Fast forward approximately 50 years to 2021, the world is experiencing a plastic waste crisis and starting to view plastic bottles as a curse rather than a blessing. This is because most plastic bottles do not get recycled, mainly due to poor collection systems and then end up leaching into the environment and staying for at least 400 years before breaking down into micro-plastics (the plastic never really “goes away”). However, with all the convenience that plastics offer to the beverage industry, it seems that these companies will not give up plastic packaging any time soon; and it is unlikely that they would support any policies that incentivize consumers to recycle used beverage bottles on a global scale.
All seems to be lost. The pervasion of plastic bottles appears to be an issue with virtually no way out, until the big polluters take matters in their own hands to make innovative and impactful changes in beverage packaging.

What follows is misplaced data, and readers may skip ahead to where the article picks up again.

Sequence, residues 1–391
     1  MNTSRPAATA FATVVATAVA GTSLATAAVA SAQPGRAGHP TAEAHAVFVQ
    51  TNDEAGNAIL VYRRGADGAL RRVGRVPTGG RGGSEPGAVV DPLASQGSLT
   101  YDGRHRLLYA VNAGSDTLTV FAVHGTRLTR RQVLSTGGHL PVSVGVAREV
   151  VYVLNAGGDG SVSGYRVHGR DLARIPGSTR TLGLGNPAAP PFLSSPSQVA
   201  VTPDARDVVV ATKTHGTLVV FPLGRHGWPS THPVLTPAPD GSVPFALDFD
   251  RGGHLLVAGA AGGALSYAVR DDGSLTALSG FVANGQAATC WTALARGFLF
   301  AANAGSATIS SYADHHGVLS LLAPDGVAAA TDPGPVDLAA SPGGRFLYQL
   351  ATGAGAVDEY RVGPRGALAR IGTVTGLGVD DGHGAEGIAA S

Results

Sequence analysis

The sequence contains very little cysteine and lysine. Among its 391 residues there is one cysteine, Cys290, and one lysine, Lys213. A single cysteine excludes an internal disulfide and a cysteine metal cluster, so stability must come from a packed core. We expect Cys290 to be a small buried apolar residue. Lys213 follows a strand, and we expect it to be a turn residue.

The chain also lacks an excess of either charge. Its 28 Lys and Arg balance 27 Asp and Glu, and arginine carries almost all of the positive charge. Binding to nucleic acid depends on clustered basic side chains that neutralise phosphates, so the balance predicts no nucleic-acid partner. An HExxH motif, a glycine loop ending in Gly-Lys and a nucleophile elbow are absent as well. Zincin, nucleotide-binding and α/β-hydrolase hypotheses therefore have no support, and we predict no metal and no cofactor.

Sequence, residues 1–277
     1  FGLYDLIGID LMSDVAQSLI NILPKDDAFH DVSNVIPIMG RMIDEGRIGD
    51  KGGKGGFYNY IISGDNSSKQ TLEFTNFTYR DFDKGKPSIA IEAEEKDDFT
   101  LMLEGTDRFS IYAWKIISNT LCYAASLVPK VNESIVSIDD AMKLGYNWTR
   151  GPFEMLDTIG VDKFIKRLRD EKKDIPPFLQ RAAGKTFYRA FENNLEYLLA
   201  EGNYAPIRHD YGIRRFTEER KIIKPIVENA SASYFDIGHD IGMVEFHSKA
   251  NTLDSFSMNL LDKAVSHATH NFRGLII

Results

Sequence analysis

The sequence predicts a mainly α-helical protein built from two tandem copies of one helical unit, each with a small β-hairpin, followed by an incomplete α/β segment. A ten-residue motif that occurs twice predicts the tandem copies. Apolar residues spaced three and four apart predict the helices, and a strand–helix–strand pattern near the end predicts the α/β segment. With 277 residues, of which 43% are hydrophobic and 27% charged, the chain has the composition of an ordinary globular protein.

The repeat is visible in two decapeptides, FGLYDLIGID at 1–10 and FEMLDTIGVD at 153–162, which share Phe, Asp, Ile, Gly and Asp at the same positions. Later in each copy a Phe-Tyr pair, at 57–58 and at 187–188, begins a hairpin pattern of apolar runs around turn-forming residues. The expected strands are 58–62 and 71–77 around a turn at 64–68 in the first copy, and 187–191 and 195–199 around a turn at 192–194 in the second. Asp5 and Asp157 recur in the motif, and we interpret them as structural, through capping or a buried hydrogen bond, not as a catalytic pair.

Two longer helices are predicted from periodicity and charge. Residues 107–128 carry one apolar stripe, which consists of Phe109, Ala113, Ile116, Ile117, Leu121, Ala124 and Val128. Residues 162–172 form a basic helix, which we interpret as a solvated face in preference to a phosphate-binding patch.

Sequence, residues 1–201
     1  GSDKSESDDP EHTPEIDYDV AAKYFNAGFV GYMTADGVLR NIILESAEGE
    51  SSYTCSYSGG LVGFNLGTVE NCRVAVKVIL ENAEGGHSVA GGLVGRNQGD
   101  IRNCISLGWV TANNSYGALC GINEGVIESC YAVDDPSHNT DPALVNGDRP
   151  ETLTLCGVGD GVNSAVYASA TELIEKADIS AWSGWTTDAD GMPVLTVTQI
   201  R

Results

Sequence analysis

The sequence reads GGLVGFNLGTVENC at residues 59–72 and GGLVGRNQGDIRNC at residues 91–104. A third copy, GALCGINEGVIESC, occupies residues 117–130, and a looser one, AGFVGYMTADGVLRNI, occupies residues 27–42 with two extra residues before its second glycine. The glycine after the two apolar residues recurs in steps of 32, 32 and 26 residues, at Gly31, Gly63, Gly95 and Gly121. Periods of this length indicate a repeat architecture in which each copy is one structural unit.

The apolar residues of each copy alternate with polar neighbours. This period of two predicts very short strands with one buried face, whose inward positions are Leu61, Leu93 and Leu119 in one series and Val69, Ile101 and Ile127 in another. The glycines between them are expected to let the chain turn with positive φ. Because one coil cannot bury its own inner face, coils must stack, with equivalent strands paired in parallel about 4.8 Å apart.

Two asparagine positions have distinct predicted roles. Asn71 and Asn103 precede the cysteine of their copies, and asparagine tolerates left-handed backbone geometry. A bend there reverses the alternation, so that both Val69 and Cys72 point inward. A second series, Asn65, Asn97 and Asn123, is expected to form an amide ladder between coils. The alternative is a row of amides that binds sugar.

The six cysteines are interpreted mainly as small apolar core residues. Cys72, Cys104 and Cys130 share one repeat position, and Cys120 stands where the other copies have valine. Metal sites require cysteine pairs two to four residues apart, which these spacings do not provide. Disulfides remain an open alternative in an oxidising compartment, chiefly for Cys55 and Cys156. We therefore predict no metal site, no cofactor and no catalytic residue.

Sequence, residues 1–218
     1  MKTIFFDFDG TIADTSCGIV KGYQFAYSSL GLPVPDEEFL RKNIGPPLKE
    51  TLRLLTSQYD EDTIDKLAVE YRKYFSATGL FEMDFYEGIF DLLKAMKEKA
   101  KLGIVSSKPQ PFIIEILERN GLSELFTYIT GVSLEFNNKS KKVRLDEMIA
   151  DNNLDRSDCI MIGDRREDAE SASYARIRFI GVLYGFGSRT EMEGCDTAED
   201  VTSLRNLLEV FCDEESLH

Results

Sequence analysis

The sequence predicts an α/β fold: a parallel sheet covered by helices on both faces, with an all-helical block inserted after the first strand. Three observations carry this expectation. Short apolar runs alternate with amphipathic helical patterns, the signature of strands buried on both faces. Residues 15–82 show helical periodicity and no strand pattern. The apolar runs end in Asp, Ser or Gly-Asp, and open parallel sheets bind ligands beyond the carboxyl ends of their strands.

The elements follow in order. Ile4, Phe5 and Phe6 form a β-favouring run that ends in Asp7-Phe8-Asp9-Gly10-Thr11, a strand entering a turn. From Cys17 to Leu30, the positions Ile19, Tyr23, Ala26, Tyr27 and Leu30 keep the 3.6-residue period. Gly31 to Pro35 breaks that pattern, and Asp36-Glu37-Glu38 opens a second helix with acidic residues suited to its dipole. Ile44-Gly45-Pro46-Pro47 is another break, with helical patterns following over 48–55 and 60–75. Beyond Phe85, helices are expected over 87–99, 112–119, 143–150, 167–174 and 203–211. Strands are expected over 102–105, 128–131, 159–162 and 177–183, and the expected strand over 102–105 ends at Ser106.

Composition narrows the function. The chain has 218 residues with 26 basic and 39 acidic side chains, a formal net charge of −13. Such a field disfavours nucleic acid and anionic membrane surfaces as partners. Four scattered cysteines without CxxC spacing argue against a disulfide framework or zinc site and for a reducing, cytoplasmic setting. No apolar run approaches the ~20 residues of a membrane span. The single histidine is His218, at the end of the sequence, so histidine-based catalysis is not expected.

But is relying completely on corporations the only way out? We do not think so.
Our zero-plastic way out
Evergreen Labs do not single out anyone as the only responsible party in this fight against plastic packaging. Instead, we believe in influencing, disrupting market forces to drive plastic bottles out of the economy, and that process involves consumers, local suppliers, and governments, amongst other stakeholders.
Consumers will play a key role in influencing the beverage industry. In our past article on upstream innovations on Sustainable Vietnam, we have highlighted case studies where different companies, including multinational conglomerates like Coca-Cola and Nestlé and local enterprises, are innovating to reduce or remove plastic packaging throughout their production line. Such innovations, we believe, are driven by consumers’ changes in behaviors and attitudes towards plastic bottles and plastic waste in general. Specifically, consumers worldwide have become more eco-conscious, and more willing to pay for similar products packaged in more eco-friendly options; and this is likely the case going forward. Therefore, hypothetically speaking, if all consumers turn a cold shoulder towards plastic packaged beverages, beverage suppliers will have no choice but to find substitutes for plastic bottles.